**Definition:** The formula defining the **entanglement of assistance** is dual to that for **entanglement of formation**:

$$\; E_{ass}(\varrho) = sup_{\{p_i,\psi_i \}}\sum_i p_i S(\varrho_i^A) ,$$ where $\; \varrho_i^A$ is the reduced density matrix of *ψ**i* and the supremum is taken over all possible decompositions of $\; \varrho$.

Entanglement of assistance was initially defined for tripartite pure states as the maximal entropy of entanglement that can be created between Alice and Bob if Charlie helps them by measuring his own subsystem and telling them the outcomes. For tripartite pure states entanglement of assistance is simply a function of Alice and Bob’s bipartite state $\; \varrho^{AB}$, but it reflects entanglement properties of the joint state $\; \varrho^{ABC}$. Since it could be increased by cooperation among Alice, Bob and Charlie, entanglement of assistance is not a LOCC monotone for tripartite states. Moreover, it is also nonadditive. However, in the limit of many copies, entanglement of assistance becomes a monotone, in the sense that it reduces to the minimum of the entropies of Alice’s and Bob’s subsystems.

More precisely, suppose that Alice, Bob and Charlie possess many copies of a tripartite quantum system each described by the pure state ∣Ψ*A**B**C*⟩ and that Alice and Bob want to use their shared (generally mixed) quantum system $\; \varrho^{AB}=Tr_C[|\Psi^{ABC}\rangle\langle\Psi^{ABC}|]$ for some task such as teleportation. Even if Charlie is not immediately available to pass over his subsystem for their use, he can help Alice and Bob anyway by performing measurements on his subsystems so that Alice and Bob will have pure states conditioned on his outcomes. So in general, for a measurement that creates states ∣Ψ*i**A**B*⟩ with probabilities *p**i*, i.e. an ensemble E = {*p**i*, ∣Ψ*i**A**B*⟩⟨Ψ*i**A**B*∣}, the average rate of conversion to singlets will be given by the *entropy of entanglement* *S*:

$$\; E(\mathcal{E})=\sum_i p_i S(\varrho_i^A)=-\sum_i p_iTr[\varrho_i^A log_2(\varrho_i^A)],$$ with $\; \varrho_i^A=Tr_B[|\Psi_i^{AB}\rangle\langle\Psi_i^{AB}|]$.

The **entanglement of assistance Eass** for $\; \varrho^{AB}$ is then defined as the maximum of this average rate, maximized over all possible ensembles E consistent with $\; \varrho^{AB}=\sum_i p_i |\Psi_i^{AB}\rangle\langle\Psi_i^{AB}|$:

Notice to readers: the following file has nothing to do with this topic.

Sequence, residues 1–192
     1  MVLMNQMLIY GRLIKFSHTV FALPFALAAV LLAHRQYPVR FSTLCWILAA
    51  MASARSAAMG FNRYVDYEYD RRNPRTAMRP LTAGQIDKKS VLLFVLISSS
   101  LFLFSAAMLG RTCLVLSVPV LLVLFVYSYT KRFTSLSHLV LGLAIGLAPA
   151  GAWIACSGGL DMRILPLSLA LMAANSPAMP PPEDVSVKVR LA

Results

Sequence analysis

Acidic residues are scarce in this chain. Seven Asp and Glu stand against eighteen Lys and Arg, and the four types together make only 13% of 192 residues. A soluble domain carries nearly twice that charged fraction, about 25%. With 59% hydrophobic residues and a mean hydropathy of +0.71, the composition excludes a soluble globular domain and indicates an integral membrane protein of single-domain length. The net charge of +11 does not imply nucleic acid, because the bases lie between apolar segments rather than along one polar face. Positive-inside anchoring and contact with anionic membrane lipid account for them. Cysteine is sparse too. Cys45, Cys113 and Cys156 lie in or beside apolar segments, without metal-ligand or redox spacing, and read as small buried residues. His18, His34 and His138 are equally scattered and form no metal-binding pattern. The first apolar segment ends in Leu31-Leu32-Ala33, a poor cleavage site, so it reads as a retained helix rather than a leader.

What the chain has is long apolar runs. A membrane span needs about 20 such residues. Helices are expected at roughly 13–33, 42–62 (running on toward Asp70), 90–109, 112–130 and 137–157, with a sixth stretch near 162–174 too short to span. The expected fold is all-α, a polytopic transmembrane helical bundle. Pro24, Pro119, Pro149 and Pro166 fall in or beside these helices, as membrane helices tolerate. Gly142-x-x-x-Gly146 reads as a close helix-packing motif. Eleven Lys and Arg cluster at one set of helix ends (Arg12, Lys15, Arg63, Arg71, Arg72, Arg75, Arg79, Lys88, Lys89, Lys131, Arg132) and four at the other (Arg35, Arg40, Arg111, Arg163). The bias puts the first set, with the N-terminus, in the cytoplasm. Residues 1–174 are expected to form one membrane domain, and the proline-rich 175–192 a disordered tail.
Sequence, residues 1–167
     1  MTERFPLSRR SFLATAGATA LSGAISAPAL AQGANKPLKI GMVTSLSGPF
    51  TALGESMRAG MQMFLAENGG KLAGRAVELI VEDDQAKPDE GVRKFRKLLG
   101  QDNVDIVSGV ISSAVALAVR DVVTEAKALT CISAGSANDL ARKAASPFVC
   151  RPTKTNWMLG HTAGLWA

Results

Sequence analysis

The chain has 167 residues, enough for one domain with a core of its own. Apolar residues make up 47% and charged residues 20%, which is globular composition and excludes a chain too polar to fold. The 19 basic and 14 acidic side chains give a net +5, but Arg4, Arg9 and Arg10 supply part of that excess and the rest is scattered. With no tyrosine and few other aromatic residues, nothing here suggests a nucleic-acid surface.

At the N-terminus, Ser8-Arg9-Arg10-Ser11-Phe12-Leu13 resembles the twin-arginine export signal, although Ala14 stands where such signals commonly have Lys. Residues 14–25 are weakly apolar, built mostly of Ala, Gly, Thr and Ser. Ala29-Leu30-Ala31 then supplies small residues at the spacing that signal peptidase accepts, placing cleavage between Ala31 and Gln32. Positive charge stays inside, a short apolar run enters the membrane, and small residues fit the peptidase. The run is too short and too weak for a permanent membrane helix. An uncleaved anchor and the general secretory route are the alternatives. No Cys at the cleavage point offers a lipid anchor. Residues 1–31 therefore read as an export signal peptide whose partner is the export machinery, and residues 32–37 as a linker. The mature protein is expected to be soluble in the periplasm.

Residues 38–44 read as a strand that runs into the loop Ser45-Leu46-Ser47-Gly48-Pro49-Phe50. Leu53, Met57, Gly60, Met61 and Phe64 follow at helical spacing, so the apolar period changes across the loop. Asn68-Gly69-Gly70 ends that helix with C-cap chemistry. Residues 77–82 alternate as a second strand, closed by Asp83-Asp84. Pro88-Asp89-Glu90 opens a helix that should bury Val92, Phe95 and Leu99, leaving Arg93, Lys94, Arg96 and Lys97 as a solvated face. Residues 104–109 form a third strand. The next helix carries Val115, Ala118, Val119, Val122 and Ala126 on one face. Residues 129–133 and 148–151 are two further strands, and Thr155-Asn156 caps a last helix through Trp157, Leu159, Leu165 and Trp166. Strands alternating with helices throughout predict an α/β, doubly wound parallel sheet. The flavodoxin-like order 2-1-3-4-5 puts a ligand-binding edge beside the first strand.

$$\; E_{ass}(\varrho^{AB})=max_{\mathcal{E}}E(\mathcal{E}).$$

In the context of *spin chains*, entanglement of assistance can be generalized to another entanglement measure in the multipartite setting: *localizable entanglement*, which is defined as the maximal amount of entanglement that can be localized, on average, between two spins by doing local measurements on the rest of the spins in the system.

### Properties and bounds

Since the entanglement of an ensemble is invariant under local unitary transformations and non-increasing under general local operations with classical communication (LOCC), entanglement of assistance also has these properties. Moreover, since the definition of the entanglement of assistance involves a maximization over all possible pure-state realizations of the density matrix, *E**a**s**s* is concave, i.e.

$$\; E_{ass}(\sum_i p_i \varrho_i) \geq \sum_i p_i E_{ass}(\varrho_i).$$ Note that the entanglement of assistance is the least of all concave functions coinciding on pure states with their partial entropy (i.e. entropy as seen from one side).

The entanglement of assistance is *superadditive*, i.e.

$$\; E_{ass}(\varrho_1^{AB}\otimes \varrho_2^{AB}) > E_{ass}(\varrho_1^{AB}) + E_{ass}(\varrho_2^{AB}) .$$

#### Upper bounds

Two upper bounds for the entanglement of assistance were found:

- the entropic bound which holds in general;
- the fidelity bound which holds in the simple case of one qubit on Alice's side and one qubit on Bob's side.

**Entropic bound:**

$$\; E_{ass}(\varrho) \leq min\{S(Tr_A[\varrho]), S(Tr_B[\varrho])\},$$ where $\; S(Tr_A[\varrho]), S(Tr_B[\varrho])$ is the partial entropy as seen by Alice and Bob respectively.

**Fidelity bound:**

$$\; E_{ass}(\varrho) \leq F(\varrho, \tilde{\varrho}),$$ where $\; F(\varrho, \tilde{\varrho})$ is the fidelity of the density matrix relative to its complex conjugate in the magic basis $\; \tilde{\varrho}$.

#### Lower bounds

In general we can get lower bounds by using the fact that the average entanglement of any pure-state realization of the density matrix gives a lower bound to the entanglement of assistance and by making systematic pure-state decompositions of the density matrix. For example, applying the above idea to *density matrices diagonal in a product basis* we get the **diagonal lower bound**:

$$\; E_{ass}(\varrho) \geq (r_1 + r_4)H_2(r_1/(r_1 + r_4)) + (r_2 + r_3)H_2(r_2/(r_2 + r_3)),$$ where *r*1, …, *r*4 are the diagonal entries of $\; \varrho$ and *H*2(*x*) = − *x**l**o**g*2(*x*) − (1 − *x*)*l**o**g*2(1 − *x*) is the Shannon entropy.

### Related papers

- D. DiVincenzo
*et al.*,*Proc. first NASA International Conference on Quantum Computing and Quantum Communication*, ed. C. P. Williams (Springer Verlag), LNCS 1509 (1998) - G. Gour , R. W. Spekkens,
*Phys. Rev. A***73**, 063331 (2005) - J. A. Smolin
*et al.*,*Phys. Rev. A***72**, 052317 (2005) - F. Verstraete, M. Popp. J. I. Cirac,
*Phys. Rev. Lett.***92**, 027901 (2004)

Category:Handbook of Quantum Information Category:Entanglement